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. Last Updated: 07/27/2016

Eat and Run

How many of the world's major cities can boast they have a restaurant on wheels? Moscow can. And although Moscow's Annushka restaurant, located in a functional tram car, has existed for six years, most of the capital's residents don't know about the capital's only eating establishment with no formal address.

Annushka was the brainchild of restaurateur Marina Makhitanyan, who decided to build a restaurant inside an old Czech tram that would continue to run along the city's tram rails - all the while feeding a profitable average of 50 customers a night.

But Makhitanyan said her motivation was never the rubles she might make with a restaurant that rides the rails all afternoon and evening.

"Our main goal was to spread joy," said Makhitanyan, Annushka's general director. "When we were planning the restaurant years ago, we realized that it might not be a very profitable project, but more than money makes the world go around."

Annushka rides the same rails that all of Moscow's other neighborhood trams use - in fact, the restaurant has special permission from the city government to do so. On most days, Annushka runs a route near Chistiye Prudy, although the traveling restaurant sometimes arranges different routes for special parties.

Anushka's founders intended to create a small, positively unique restaurant, and they feel they have succeeded in doing just that. In Moscow at least, the dining room on wheels is one of a kind.

Annushka (a Russian woman's name) is not your average tram with seats, gripping poles and aisles. The tram underwent considerable remodeling before it opened its doors to the hungry public in 1993 - it now has eight tables, with total seating for 24 people, plus a small kitchen and equipment and screens for karaoke performances.

How did they fit all that inside a space of just over 15 square meters? It wasn't easy.

"Of course, there's not a lot of space here and it's quite narrow, Makhitanyan said. "But, like the old Russian saying goes, 'V tesnote, no ne v obide,'" or small spaces don't always mean hurt feelings.

And it's true. Most people usually find Annushka quite comfortable - including its staff of one chef, two waiters and Makhitanyan. "We've worked here for many years and have become accustomed to the cramped conditions," Makhitanyan said.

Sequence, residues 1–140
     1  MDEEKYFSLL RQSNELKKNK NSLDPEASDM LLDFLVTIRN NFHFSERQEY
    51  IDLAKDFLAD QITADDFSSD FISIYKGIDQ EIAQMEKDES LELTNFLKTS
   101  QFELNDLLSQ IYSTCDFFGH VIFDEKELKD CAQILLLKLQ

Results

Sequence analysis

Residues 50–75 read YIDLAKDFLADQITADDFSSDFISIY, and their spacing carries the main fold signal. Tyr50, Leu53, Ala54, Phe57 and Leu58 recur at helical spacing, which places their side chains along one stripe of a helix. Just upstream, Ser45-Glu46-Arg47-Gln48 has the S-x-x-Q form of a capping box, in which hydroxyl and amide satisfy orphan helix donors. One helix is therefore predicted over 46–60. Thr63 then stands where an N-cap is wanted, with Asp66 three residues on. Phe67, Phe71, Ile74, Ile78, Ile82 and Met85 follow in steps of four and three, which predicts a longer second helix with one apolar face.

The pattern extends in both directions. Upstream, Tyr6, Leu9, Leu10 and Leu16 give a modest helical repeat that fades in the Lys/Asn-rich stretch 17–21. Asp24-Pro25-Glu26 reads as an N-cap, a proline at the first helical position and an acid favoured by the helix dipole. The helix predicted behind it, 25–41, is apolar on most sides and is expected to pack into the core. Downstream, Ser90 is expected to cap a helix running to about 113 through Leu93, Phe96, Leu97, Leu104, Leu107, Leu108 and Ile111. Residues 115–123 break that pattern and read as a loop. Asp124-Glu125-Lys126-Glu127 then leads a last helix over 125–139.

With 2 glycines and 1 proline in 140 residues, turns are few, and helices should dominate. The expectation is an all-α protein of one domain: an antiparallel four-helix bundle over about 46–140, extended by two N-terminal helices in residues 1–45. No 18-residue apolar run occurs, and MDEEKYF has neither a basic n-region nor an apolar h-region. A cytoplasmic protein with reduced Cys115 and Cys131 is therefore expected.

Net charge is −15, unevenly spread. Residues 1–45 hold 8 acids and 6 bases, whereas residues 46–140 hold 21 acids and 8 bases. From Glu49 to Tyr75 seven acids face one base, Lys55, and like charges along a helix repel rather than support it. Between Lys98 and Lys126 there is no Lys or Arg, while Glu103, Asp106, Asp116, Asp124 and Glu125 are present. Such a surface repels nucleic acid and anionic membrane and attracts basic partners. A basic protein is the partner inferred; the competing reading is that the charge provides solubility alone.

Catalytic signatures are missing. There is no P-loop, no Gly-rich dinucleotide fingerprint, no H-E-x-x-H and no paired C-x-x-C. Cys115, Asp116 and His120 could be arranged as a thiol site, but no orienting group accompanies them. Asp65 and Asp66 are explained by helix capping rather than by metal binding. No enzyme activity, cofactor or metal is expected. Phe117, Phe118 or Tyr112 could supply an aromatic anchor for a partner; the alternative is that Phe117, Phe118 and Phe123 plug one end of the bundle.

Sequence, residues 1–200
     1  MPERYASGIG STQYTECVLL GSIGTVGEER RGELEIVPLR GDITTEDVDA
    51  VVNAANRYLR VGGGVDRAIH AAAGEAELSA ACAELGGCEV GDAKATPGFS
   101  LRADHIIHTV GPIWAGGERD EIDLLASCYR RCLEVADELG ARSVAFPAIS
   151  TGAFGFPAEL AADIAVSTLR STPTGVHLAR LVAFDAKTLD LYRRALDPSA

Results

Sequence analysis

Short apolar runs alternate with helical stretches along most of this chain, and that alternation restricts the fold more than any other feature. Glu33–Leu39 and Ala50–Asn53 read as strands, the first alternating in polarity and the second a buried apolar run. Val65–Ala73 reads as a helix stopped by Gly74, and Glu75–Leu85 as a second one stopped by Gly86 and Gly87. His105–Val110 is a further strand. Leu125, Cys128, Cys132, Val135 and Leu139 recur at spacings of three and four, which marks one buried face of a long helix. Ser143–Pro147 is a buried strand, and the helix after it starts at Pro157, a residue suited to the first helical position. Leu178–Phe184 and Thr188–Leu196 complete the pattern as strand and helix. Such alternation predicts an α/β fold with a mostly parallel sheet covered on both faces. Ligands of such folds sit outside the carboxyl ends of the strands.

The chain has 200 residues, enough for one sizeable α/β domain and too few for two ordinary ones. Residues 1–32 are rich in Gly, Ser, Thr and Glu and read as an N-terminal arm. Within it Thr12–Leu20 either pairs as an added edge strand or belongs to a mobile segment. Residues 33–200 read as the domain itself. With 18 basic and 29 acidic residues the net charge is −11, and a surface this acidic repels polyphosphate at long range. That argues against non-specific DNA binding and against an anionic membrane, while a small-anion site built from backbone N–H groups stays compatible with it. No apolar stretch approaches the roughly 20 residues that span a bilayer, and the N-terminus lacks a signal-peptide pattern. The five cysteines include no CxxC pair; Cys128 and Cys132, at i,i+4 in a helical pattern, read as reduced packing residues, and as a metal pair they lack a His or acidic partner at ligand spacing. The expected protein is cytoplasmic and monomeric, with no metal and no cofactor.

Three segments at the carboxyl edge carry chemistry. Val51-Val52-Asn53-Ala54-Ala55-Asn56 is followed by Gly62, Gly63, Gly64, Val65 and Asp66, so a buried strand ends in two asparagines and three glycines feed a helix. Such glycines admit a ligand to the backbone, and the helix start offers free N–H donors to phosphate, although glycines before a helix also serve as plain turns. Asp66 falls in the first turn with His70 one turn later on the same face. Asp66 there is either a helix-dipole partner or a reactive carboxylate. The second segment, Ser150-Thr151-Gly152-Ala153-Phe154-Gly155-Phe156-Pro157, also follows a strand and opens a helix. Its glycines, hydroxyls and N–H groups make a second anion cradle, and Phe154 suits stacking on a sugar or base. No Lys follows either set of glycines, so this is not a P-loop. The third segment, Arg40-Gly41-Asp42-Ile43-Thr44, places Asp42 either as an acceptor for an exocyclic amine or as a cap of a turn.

Makhitanyan hails from Armenia - a fact evidenced in Annushka's menu. "We have a wide selection of high-quality Armenian and Russian food," she said, adding that the restaurant's dolma, or stuffed grape leaves - a traditional Armenian dish - are especially delicious.

If blini, or Russian pancakes, and potatoes are more to your liking, the tram's menu features the Annushka Meal, traditional Russian food including beef in onion sauce and other dishes associated with Armenia's northern neighbor.

"But the nationality of the food is not important," Makhitanyan said. "Most important is that, no matter what meal you have, it is done as though it were cooked in your own kitchen - despite that it was actually prepared on a tram!"

Of course, it's not always the food that brings people to Annushka: "I love it. I could spend the whole day here," said Sergei, a young customer who rides the tram often. "What could be better than enjoying your coffee while staring out the window of a moving tram? ... Transportation is usually associated with rushing and working, but Annushka changes all that."

Other regulars said Annushka's tiny dining room inspires a special kind of friendliness in the clientele that is rarely - if ever - seen on other Moscow trams and trolleys, which are generally known for being overcrowded. "The space is so small that, sooner or later, everybody gets together into one group," said Anatoly, a student at Moscow State University. "You drink and have fun together and, by the end of the evening, you feel as if you've known everyone for years. It's a great place to make new friends."

Makhitanyan said a large percentage of her customers are tourists and expats, including regular groups from the French, German and Canadian embassies.

In fact, Makhitanyan was recently interviewed by a French radio station for four hours. "They called from Paris and asked so many questions ... they asked how we cook" - a chef prepares all the meals ahead of time in the tram's depot, then warms them using Annushka's small stove or microwave to fill orders - "and what we drink" - whatever diners want - "and whose idea Annushka was" - Makhitanyan's. "And I was so proud that, even in Paris, they know about us."

It is not so surprising that Annushka has had its share of adventures. Just this month, Makhitanyan said, the restaurant ran into some trouble when the power went out. "We were having such fun that we didn't get to the Universitet metro station until 4 a.m. Then, suddenly, the electricity went off and the tram stopped. We had light, but couldn't move. So, we all got off and started pushing it along, all the while singing Russian folk songs."

Others will remember Annushka for the more mundane pleasures it offers. Because the tram has no toilet, management has arranged for other restaurants along its route to allow patrons to use those businesses' restrooms - while the tram waits for their return.

Makhitanyan still tells the story of one excited customer, who returned from such a rest stop overjoyed.

"It's the first time in my life a tram has waited for me to finish my business," he exclaimed.

What more could one ask for?

Annushka is open from 3 p.m. to midnight every day. Catch the tram on its regular route near the ponds at Chistiye Prudy, or leave a message on their pager, 961-3333, client number 31338, to find out the tram's location at a particular time of day.